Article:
All You Need to Know About Making Tax Digital
What is Making Tax Digital
Making Tax Digital (MTD) is the Government’s initiative to make the UK tax system digitally advanced. In practice it means that taxpayers have to keep digital records and submit tax returns to HMRC digitally. The motivation behind MTD is making the tax system more efficient and effective and also easier for the taxpayer to submit correct tax returns and minimise errors.
Is Making Tax Digital Compulsory
MTD is compulsory for all qualifying businesses unless they fall into one of these exemptions:
- using digital tools to keep business records or submit your tax returns is not practical due to for example disability or location
- they are subject to an insolvency procedure
- businesses run entirely by practising members of a religious society or order whose beliefs prevent them from using electronic communications or keeping electronic records
If a business is just unfamiliar with the relevant software, introducing new software means additional costs or is already using a computer for other things, it cannot be exempt from MTD.
Please see the deadlines section below to see qualifying businesses.
How Do You Comply with Making Tax Digital
What do you need to do for Making Tax Digital? To comply with MTD, businesses are required to keep digital records as well as submit their tax returns via software. Why not let businesses do paper returns or type the numbers for tax returns directly into HMRC account? Typing your numbers from, for example, a spreadsheet poses a risk of submitting wrong numbers and paying wrong amounts of tax. Numbers transferred manually can also be easily manipulated and the risk of fraud increases.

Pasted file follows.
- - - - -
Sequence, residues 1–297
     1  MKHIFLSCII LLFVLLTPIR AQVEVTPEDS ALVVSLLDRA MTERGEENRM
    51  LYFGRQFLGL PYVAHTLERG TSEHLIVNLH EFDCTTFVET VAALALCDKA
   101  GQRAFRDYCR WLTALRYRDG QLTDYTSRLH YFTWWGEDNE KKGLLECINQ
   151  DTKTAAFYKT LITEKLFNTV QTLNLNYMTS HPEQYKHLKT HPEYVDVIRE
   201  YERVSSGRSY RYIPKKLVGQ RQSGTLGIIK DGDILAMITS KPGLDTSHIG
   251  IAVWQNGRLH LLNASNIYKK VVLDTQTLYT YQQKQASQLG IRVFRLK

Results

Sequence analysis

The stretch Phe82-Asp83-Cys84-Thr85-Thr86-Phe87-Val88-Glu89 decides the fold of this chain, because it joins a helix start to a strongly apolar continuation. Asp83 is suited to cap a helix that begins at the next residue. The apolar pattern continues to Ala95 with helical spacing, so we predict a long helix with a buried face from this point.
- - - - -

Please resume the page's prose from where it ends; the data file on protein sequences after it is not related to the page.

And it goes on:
Making Tax Digital Deadlines
MTD has been introduced in stages and at the moment it’s compulsory for businesses registered for VAT above the VAT registration threshold, currently £85,000. This was introduced in April 2019. If your business falls within this category, you have to submit your VAT returns digitally. Not complying with MTD rules can cost businesses even £1,500 in penalties.
Deadlines for other businesses to sign up for MTD and comply with the new rules are following:
- From April 2022– VAT-registered businesses with taxable turnover below the VAT registration threshold
- From April 2024– landlords and all self-employed people with total annual income above £10,000 will have to go digital.
- 2025 earliest– MTD for partnerships (not confirmed yet)
- 2026 earliest– MTD will apply to limited companies for corporation tax; still to be confirmed.
Making Tax Digital Software
To comply with MTD rules businesses are required to introduce compatible software that is able to keep digital records and communicate with HMRC by sending tax returns and receiving information from HMRC.
But what if you use spreadsheets for recording your business transactions? Can Excel be used for Making Tax Digital? The answer is yes, it can. How does this work in practice? So you enter the details into your spreadsheet as normal but when submitting your tax return, you have to have a digital link between your spreadsheet and HMRC. This is done via bridging software that links these two together. You can’t simply log into your HMRC account and type the numbers for the tax return. You need to send/import your spreadsheet into software that can later communicate with HMRC by submitting the tax return to them without any manual intervention.
HMRC-recognised software that can preserve digital records and file returns for you and is recommended by us is Xero.
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